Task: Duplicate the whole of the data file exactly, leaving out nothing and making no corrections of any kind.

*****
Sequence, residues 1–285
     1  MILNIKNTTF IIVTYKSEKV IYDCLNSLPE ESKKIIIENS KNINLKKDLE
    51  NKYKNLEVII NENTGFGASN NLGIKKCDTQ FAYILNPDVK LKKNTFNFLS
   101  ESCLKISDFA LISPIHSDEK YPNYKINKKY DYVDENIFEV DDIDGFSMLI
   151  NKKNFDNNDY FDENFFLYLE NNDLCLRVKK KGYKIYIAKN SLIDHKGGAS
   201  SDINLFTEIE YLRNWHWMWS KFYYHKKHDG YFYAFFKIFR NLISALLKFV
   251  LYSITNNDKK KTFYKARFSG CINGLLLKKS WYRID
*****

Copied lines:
Sequence, residues 1–285
     1  MILNIKNTTF IIVTYKSEKV IYDCLNSLPE ESKKIIIENS KNINLKKDLE
    51  NKYKNLEVII NENTGFGASN NLGIKKCDTQ FAYILNPDVK LKKNTFNFLS
   101  ESCLKISDFA LISPIHSDEK YPNYKINKKY DYVDENIFEV DDIDGFSMLI
   151  NKKNFDNNDY FDENFFLYLE NNDLCLRVKK KGYKIYIAKN SLIDHKGGAS
   201  SDINLFTEIE YLRNWHWMWS KFYYHKKHDG YFYAFFKIFR NLISALLKFV
   251  LYSITNNDKK KTFYKARFSG CINGLLLKKS WYRID